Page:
Thermal Equilibrium: Definition, Formula & Example

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  • 0:01 What Is Thermal Equilibrium?
  • 0:51 Mechanism
  • 1:26 Formula
  • 1:58 Example
  • 2:28 Lesson Summary
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Lesson Transcript
Instructor: David Wood

David has taught Honors Physics, AP Physics, IB Physics and general science courses. He has a Masters in Education, and a Bachelors in Physics.

In this lesson, you will learn what thermal equilibrium is, discover an equation that relates to thermal equilibrium, and go over an example of its use. A short quiz will follow.

What Is Thermal Equilibrium?

There are some concepts in physics that people understand intuitively before they've even heard of them. Like thermal equilibrium, which is so integral to our lives that we tend to understand it by intuition.

For instance, let's say you got a hot mug of tea and put it in the freezer. What will happen to the tea? The tea will, of course, cool down. Everyone knows that. And, you also probably know the tea will keep cooling down until it is the same temperature as the freezer - until it is frozen solid and can't get any colder. Even if you are familiar with this concept, what you may not know is that it is a solid example of thermal equilibrium.

Thermal equilibrium is the state in which two objects connected by a permeable barrier don't have any heat transfer between them. This happens when the two objects have the same temperature.

Illustration of Thermal Equilibrium.


Temperature is the average kinetic, or movement, energy of the molecules in a substance. When you put two objects of different temperatures in contact with one another, the faster-moving molecules in one material will collide with the slower-moving molecules in the other. The heat energy will gradually spread out until the two objects have the same temperature - until they have reached thermal equilibrium. This is basically the same as the second law of thermodynamics,which states that heat only spontaneously moves from hotter places to colder places, never the other way around.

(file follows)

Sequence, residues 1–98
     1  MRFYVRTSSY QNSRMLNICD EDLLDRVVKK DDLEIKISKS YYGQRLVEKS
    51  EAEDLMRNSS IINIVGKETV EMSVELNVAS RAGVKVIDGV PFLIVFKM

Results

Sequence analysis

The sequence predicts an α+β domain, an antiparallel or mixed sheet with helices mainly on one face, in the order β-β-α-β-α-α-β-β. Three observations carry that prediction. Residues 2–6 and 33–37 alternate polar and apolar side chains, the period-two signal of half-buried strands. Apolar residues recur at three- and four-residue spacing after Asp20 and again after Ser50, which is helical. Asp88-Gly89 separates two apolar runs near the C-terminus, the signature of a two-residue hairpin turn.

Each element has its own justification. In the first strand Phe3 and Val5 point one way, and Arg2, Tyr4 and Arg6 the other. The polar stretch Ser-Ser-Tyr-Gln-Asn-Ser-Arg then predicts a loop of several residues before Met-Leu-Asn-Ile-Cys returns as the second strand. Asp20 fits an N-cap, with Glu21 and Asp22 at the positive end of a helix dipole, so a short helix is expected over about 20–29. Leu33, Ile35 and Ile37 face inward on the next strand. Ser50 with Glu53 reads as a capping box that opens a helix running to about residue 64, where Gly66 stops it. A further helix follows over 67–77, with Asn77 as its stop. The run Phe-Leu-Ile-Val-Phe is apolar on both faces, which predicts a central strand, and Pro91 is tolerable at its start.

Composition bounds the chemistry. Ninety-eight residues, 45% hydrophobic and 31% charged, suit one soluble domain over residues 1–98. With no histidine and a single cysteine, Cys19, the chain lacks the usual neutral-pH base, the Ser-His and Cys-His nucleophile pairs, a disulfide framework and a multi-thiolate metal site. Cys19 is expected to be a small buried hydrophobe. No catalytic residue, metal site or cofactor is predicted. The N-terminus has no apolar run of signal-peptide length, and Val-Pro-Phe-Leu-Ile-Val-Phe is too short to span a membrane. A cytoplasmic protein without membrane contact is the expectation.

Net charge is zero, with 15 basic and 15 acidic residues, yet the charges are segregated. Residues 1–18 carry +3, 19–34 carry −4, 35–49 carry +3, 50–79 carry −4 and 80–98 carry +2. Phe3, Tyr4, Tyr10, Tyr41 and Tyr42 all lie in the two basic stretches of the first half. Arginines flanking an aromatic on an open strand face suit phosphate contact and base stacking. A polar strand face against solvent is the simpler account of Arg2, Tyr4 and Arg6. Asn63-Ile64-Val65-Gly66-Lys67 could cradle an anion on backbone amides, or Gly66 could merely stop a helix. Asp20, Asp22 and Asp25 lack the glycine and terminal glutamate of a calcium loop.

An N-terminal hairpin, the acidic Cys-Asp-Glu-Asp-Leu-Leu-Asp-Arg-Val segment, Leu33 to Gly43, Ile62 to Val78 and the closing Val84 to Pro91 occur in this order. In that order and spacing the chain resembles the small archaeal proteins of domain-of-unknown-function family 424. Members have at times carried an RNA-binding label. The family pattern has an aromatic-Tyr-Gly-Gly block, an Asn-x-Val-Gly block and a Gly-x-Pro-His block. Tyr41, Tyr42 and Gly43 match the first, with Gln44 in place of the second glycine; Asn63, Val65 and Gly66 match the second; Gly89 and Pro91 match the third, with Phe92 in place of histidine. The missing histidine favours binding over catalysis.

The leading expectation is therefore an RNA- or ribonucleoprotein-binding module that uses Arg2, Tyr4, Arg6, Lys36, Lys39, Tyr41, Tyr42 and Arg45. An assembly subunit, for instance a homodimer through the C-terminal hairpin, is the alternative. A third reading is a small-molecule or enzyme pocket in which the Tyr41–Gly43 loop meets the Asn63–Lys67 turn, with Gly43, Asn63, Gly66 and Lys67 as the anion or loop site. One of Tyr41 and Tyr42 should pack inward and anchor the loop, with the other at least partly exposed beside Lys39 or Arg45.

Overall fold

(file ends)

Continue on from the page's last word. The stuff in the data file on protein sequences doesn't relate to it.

If an object (or system) is in thermodynamic equilibrium, then it can be said that the system has minimized its thermodynamic potential. There are many types of thermodynamic potential quoted in physics, but perhaps the most common one is the Helmholtz free energy, which measures the total amount of useful work that could be extracted from the system. The equation for Helmholtz free energy is as follows:

Equation for Helmholtz Free Energy

As mentioned previously, if the system has reached thermodynamic equilibrium, this number will be at its minimum possible value.


So, let's say you mix tea and milk until they reach thermodynamic equilibrium, and you want to know what is the maximum amount of useful energy you can take out of that cup of tea, if your body was perfectly efficient.

The temperature of the tea and milk (in Kelvin) is 373 K, the total internal energy of the system is 3000 Joules, and the entropy of the system is 6 Joules per Kelvin. Plug those numbers into the equation:

Helmholtz Substitution

And, you get 762 Joules of useful work.

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